Modeling Low Impact Development Alternatives with SWMM
The U.S. Environmental Protection Agency’s Office of Water is actively promoting the use of Low Impact Development (LID) practices to help protect and restore water quality in urban and developing areas. Such practices support the concepts of green infrastructure and sustainability by managing stormwater close to its source so as to mimic a site’s predevelopment hydrology. Computational tools are needed to objec-tively evaluate the hydrologic benefits of proposed LID controls. The Storm Water Management Model (SWMM) is one such tool that pro-vides an attractive framework for modeling the long term performance of LID controls. However the latest version of SWMM (Rossman, 2008) has only a limited capability to rigorously model LID alternatives (Huber et al., 2006).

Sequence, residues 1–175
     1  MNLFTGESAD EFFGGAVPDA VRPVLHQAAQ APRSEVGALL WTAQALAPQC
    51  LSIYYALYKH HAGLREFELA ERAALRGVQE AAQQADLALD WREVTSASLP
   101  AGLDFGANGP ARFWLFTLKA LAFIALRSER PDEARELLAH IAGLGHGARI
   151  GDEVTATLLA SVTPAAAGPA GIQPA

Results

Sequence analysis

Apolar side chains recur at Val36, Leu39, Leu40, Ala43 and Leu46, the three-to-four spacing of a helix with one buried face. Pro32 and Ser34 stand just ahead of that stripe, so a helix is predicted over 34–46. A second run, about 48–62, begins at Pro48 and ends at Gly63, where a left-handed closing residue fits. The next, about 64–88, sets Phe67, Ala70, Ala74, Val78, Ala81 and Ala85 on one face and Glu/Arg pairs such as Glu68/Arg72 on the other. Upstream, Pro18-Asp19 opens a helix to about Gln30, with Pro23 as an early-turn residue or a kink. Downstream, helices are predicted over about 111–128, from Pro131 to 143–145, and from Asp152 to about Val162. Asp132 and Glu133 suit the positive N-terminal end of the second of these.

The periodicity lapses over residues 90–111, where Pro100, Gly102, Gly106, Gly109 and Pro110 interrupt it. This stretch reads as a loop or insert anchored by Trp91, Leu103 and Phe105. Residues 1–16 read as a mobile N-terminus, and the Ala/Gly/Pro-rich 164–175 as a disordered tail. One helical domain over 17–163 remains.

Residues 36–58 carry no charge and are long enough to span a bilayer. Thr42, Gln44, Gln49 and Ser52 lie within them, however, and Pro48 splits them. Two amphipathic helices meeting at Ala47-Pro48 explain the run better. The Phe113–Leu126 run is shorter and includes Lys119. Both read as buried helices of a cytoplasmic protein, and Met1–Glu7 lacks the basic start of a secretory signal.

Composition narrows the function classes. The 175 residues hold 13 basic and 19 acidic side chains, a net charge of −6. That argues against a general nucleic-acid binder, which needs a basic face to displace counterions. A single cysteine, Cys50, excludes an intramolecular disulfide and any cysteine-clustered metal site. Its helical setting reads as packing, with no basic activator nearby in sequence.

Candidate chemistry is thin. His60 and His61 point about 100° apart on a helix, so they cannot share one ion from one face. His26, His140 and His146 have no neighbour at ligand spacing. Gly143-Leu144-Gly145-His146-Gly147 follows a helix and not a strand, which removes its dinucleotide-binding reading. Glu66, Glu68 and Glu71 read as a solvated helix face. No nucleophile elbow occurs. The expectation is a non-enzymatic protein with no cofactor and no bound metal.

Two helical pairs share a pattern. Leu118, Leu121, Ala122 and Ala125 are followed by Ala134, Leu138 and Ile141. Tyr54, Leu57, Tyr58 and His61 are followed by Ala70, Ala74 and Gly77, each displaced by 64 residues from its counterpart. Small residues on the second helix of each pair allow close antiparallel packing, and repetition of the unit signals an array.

This chapter describes how SWMM’s runoff engine and graphical user interface were extended to explicitly model specific types of LID controls, such as permeable pavement, bio-retention areas (e.g., rain gardens and street planters), rain barrels, infiltration trenches, and vegetative swales (see Figure 11.1). Each of these controls is repre-sented as a unique LID object with its own set of properties. These objects can be placed within standard SWMM subcatchment areas in replicate fashion. Or they can occupy their own unique subcatchments that can be linked together to form a cascading sequence of LID controls. Time-dependent water balance models are used to describe the hydrologic performance of each individual LID unit. Several examples are used to illustrate how this approach was implemented within SWMM 5.
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